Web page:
The chairman of the Iranian parliament’s National Security and Foreign Policy Commission, Alaeddin Boroujerdi, right, meets with Syria’s parliament speaker, Mohammad al-Laham, in Damascus on Oct. 14, 2015. (Omar Sanadiki/Reuters)

Hundreds of Iranian soldiers have massed in northern Syria in recent days and are poised to back Syrian forces in a ground offensive under cover of Russian airstrikes, a senior U.S. defense official and Syrian activists said Wednesday.

The element from Iran’s elite Quds Force of the Revolutionary Guard Corps has gathered near the Syrian city of Aleppo, said the defense official, who spoke on the condition of anonymity to discuss intelligence matters.

The number of Iranian soldiers is in the hundreds, rather than thousands, as some reports have indicated, he said.

Syrian officials denied the claims, however, while some Syrian rebels said that militia fighters from Iraq but backed by Iran were being deployed in the area.

Iran has long had commanders and military advisers on the battlefield in Syria. But the deployment would show a deepening involvement in the four-year civil war in support of President Bashar al-Assad as Russia steps up its military intervention, assisting Syrian ground forces with two weeks of airstrikes.

Moscow says its strikes have mainly targeted Islamic State militants, but U.S. officials and Syrian rebels say the Russian strikes have largely hit other groups fighting Assad and are aimed at propping up his government.

The defense official said the Iranian forces and Syrian troops, backed by Russian airstrikes, are expected to begin an operation near Aleppo imminently.

A salvo of 26 Russian cruise missiles launched at targets in the area last week from nearly 1,000 miles away in the Caspian Sea probably were fired to destroy targets before the upcoming offensive, the U.S. defense official said.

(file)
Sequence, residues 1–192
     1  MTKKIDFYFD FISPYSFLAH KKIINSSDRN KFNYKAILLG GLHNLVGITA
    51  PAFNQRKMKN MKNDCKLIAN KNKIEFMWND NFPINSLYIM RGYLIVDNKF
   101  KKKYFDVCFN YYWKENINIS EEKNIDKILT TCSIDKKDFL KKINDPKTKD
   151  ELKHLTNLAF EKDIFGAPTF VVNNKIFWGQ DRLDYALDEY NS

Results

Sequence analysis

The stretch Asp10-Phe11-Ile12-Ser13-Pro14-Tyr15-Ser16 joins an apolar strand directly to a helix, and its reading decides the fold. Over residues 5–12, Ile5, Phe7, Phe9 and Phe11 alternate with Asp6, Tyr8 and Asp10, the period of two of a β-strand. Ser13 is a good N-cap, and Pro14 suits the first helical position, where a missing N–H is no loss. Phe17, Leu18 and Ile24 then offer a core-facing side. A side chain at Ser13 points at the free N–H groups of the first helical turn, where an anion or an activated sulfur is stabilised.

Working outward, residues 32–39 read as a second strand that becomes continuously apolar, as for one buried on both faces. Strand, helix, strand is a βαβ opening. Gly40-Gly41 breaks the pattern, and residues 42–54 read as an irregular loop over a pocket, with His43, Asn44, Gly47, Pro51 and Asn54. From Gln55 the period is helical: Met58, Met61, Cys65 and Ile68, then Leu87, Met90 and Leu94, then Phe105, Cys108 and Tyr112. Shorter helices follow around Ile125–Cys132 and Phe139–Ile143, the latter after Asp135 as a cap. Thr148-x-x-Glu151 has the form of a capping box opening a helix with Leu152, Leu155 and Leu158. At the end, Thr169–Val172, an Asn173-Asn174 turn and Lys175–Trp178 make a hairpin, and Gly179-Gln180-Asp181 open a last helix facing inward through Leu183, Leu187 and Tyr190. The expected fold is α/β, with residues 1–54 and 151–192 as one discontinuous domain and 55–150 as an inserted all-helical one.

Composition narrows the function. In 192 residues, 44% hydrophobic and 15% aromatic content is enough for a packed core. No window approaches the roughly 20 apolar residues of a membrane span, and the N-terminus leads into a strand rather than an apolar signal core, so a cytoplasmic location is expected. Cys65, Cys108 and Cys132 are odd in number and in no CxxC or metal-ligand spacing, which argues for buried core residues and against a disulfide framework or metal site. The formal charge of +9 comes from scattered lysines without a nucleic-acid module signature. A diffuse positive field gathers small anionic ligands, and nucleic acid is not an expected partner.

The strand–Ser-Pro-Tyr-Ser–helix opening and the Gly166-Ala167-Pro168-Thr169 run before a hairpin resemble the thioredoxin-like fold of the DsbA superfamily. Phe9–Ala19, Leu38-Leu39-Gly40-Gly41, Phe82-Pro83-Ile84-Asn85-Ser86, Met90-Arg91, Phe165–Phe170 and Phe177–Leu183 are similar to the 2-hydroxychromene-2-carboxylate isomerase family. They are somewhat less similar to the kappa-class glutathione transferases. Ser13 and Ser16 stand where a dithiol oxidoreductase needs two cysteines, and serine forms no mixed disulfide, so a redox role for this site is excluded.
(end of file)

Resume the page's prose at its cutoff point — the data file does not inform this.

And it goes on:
The Islamic State has little presence in Aleppo but made gains around the city last week after the Russian cruise-missile strikes on other rebel groups — raising questions over whether any offensive will target territory held by the Islamist militants.

The Pentagon has tracked ­Russian ships that fired the ­Kalibr-type cruise missiles from the Caspian Sea last week, and the ships have been resupplied with missiles and are ready to fire another salvo, the official said.

The Syrian Observatory for Human Rights, a Syrian activist network based in Britain, said Iranian forces also had been deployed to Syria’s central Hama province and to the mountains surrounding Latakia, the coastal heartland of Assad’s Alawite sect, an offshoot of Shiite Islam.

The alliance between Russia and the regime of Bashar al-Assad goes back decades. Here's a bit of historical context that explains why Russia is fighting to prop up its closest ally in the Middle East. (Ishaan Tharoor and Jason Aldag/The Washington Post)

Troops have arrived through Hmaymim airport in Latakia, the group said, using the former name for the city’s Assad International Airport.

Syrian Information Minister Omran al-Zoubi dismissed the reports of a buildup of Iranian forces.

Iranian military personnel in the country play only a consultative role, he said, according to comments carried by Iran’s Press TV.

Islam Alloush, a spokesman for the Syrian rebel group known as the Islamic Army, said Shiite fighters from Iranian-backed militias in Iraq had been deployed.

Three senior Iranian commanders have been killed in Syria in the past week, pointing toward an increased involvement. The most senior, Hossein Hamdani, was reported killed on the outskirts of Aleppo on Friday. He was lauded in the Iranian press as having played a major role in coordinating volunteer militia forces in Syria with the Syrian army.

Just three days later, two other senior officers with Iran’s Revolutionary Guard Corps were killed. Hezbollah, the Iranian-backed Shiite paramilitary group also backing Assad on the battlefield, has sent reinforcements to Syria in recent days, the Associated Press reported.

Photographs circulated online this week purported to show Maj. Gen. Qasem Soleimani, the Quds Force commander, addressing forces in Syria. He has appeared frequently on the battlefield in Iraq, where he is overseeing the support of Iranian-backed Shiite militias fighting the Islamic State.

He was reported to have visited Moscow in July to meet with President Vladimir Putin.

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